‘We are on the wrong track with artificial intelligence’

According to Freeman Dyson, ‘the man who replaced Einstein at Princeton’, computer scientists should use analogue rather than digital machines to imitate the human brain

Prof Freeman Dyson: ‘Science is what we did for fun in our own spare time rather than being taught’

Prof Freeman Dyson: ‘Science is what we did for fun in our own spare time rather than being taught’


Computer-based artificial intelligence has promised much but delivered relatively little given all the research that has gone into it. The reason for that lack of progress probably has less to do with computers than with our lack of understanding about the human brain.

It is likely that the brain is an analogue system and computer scientists are trying to imitate its workings using digital machines, says Prof Freeman Dyson, an emeritus professor at the Institute for Advanced Study, in Princeton, New Jersey.

Dyson, one of the world’s greatest living mathematicians, is in Dublin on Monday to deliver a lecture, Are Brains Analogue or Digital? The talk has more to do with natural intelligence and how the brain works, he says.

“The failure of artificial intelligence indicates we are on the wrong track. You are trying to imitate an analogue device with a digital device,” he says. “In the end I am saying if we could understand the brain perhaps we could imitate it successfully.”

Dyson is sometimes referred to as the scientist who took over from Albert Einstein at Princeton, although he is modest about his various mathematical accomplishments.

He was born in December 1923 and was a mathematical prodigy as a child. He moved to the US in 1947 and had an immediate impact by translating three complex problems in physics and combining them into a single elegant mathematical solution. He managed to unify quantum theory and electrodynamic theory in a single stroke.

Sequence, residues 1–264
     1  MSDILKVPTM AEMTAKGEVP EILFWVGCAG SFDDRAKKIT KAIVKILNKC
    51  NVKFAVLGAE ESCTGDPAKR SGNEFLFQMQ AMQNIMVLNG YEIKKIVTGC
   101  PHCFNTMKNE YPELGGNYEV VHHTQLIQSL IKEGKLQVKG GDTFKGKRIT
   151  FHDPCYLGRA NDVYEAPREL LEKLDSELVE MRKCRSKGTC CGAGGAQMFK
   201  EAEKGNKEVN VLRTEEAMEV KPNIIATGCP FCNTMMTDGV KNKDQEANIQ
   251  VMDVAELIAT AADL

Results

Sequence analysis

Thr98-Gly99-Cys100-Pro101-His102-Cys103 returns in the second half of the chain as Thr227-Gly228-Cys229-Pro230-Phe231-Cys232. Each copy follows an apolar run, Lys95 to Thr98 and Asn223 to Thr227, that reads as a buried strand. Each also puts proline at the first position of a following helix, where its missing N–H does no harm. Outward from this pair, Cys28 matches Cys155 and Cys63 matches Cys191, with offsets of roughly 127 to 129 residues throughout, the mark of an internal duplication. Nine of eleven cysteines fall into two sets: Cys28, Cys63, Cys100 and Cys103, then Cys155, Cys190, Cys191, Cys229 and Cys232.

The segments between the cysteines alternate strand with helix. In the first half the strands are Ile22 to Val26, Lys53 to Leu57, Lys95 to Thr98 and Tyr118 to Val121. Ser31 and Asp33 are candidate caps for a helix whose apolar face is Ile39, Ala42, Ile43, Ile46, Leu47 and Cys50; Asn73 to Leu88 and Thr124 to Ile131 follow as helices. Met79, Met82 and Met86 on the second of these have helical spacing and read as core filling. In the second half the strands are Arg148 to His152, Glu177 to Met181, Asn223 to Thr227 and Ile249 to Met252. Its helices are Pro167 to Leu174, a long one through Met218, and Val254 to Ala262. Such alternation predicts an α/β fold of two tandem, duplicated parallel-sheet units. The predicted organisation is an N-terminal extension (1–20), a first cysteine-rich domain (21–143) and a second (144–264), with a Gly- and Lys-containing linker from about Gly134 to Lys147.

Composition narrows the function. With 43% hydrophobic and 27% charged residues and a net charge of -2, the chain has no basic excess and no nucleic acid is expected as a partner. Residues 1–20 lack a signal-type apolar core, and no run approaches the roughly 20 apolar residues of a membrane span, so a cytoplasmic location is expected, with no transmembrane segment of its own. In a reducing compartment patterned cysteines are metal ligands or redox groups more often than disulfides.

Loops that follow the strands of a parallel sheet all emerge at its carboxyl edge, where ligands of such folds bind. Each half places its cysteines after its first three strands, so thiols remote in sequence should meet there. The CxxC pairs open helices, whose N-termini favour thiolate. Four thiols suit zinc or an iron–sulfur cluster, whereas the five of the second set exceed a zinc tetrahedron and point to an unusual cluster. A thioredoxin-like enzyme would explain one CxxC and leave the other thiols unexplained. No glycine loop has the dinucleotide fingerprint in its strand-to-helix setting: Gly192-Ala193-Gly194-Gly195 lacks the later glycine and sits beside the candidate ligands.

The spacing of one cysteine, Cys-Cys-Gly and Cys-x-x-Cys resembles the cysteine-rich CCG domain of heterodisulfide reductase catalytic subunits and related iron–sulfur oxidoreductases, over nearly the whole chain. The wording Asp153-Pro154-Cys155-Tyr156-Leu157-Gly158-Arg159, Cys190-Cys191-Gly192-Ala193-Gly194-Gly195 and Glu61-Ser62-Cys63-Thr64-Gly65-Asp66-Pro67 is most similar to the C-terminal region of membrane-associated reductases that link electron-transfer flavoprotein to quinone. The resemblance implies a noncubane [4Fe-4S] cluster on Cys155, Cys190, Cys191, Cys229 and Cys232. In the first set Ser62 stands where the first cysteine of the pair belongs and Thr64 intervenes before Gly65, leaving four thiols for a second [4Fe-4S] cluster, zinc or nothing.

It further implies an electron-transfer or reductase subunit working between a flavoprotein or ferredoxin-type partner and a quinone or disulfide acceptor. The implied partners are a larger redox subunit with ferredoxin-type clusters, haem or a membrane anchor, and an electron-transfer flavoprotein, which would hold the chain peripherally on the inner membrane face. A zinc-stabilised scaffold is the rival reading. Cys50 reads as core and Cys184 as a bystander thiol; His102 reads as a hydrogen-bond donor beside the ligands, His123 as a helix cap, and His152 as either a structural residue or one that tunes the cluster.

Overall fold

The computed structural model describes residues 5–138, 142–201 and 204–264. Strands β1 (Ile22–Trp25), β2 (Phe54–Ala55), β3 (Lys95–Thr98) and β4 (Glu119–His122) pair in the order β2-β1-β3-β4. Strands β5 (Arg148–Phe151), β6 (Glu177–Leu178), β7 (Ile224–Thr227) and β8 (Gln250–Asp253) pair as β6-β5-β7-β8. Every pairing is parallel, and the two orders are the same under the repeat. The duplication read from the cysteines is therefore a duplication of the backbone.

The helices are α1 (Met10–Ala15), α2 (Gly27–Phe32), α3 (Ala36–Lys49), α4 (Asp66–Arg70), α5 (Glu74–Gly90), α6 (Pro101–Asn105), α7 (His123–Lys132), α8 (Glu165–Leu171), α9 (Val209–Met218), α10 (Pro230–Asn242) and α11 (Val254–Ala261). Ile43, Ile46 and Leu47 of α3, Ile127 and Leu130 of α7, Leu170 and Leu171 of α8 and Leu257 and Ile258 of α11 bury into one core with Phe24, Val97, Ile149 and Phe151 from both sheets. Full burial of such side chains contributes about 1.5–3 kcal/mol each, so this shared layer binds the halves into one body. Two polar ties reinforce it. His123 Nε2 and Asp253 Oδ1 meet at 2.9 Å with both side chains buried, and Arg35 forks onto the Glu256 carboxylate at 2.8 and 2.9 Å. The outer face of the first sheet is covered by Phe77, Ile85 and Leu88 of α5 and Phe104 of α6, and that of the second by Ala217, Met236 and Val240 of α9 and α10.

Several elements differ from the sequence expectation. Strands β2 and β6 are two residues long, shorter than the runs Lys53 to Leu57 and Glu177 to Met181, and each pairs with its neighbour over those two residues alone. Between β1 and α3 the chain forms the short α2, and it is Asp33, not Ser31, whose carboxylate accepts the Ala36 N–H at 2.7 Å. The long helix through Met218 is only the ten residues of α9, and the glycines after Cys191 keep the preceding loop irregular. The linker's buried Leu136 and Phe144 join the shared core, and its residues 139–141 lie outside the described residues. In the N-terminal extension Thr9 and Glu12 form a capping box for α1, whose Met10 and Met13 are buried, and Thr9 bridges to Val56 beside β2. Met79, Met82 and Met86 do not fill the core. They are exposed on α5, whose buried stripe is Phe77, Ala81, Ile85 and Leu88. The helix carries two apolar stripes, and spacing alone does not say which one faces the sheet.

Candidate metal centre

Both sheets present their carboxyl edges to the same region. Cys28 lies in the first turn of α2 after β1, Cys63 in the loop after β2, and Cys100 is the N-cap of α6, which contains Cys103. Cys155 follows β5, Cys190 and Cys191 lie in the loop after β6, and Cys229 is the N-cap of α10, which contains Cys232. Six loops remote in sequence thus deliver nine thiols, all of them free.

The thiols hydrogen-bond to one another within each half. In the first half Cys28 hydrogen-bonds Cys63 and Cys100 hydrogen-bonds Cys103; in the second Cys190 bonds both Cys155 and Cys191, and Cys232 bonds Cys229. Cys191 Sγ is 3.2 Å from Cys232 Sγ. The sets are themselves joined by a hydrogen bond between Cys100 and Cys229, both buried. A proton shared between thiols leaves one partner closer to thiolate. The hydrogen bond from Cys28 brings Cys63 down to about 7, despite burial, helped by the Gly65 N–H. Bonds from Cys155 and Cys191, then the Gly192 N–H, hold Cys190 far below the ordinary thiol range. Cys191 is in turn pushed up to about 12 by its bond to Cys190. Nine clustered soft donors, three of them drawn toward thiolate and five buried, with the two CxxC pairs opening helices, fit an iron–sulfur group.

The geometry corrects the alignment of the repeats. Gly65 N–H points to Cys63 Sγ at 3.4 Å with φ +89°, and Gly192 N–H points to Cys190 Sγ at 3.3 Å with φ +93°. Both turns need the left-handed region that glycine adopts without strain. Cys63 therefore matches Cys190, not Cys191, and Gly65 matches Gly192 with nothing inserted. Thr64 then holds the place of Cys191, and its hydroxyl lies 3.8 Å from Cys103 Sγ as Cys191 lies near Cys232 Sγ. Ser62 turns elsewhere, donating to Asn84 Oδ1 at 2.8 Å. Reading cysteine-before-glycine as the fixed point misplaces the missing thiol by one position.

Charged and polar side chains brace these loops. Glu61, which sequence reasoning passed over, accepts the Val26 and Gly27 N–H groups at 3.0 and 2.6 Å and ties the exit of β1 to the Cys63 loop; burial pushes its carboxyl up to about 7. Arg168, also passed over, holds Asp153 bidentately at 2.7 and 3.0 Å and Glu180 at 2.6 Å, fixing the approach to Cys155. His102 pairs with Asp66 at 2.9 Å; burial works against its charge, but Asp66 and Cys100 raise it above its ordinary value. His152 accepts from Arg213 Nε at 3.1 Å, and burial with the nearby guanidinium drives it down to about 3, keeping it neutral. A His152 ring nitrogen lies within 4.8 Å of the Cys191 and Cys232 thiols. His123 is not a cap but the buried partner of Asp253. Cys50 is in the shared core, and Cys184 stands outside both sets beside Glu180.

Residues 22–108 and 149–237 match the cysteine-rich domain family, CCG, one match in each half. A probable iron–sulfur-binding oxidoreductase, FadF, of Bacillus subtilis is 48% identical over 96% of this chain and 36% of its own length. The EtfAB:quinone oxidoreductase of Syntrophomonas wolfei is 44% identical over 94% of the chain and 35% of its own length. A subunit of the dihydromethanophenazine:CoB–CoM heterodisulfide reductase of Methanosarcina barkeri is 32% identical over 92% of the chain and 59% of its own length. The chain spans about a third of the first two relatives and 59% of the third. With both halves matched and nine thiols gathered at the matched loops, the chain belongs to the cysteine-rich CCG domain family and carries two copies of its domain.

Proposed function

“I didn’t invent anything new. I only took these existing theories and translated the maths so that others could use [them]. I was tidying up the details, but it turned out to be extremely useful and became the standard language of particle physics,” he says.

He attributes his interest in science to the fact that his school didn’t teach it.

“It was not taught in schools; they taught Latin and Greek,” he says. “Science is what we did for fun in our own spare time rather than being taught, and that was the key to it. We had a little science club that the kids ran themselves and taught each other. It was a far more effective way of educating us than sitting in class,” says Dyson.

Ironically, when the UK education system began to teach science in the 1930s, the number of Nobel prizes awarded to its scientists began to fall, he says. “The best training for a scientist is to learn Latin and Greek and then do science for fun. That was true in my case.”

Solving problems
Mathematics was on the curriculum, and it was a subject in which he excelled. Although for much of his career at Princeton he was involved in solving mathematical problems in physics, he views himself as a mathematician. “Really I am a mathematician, but I am an applied mathematician. I like to solve problems in other fields.”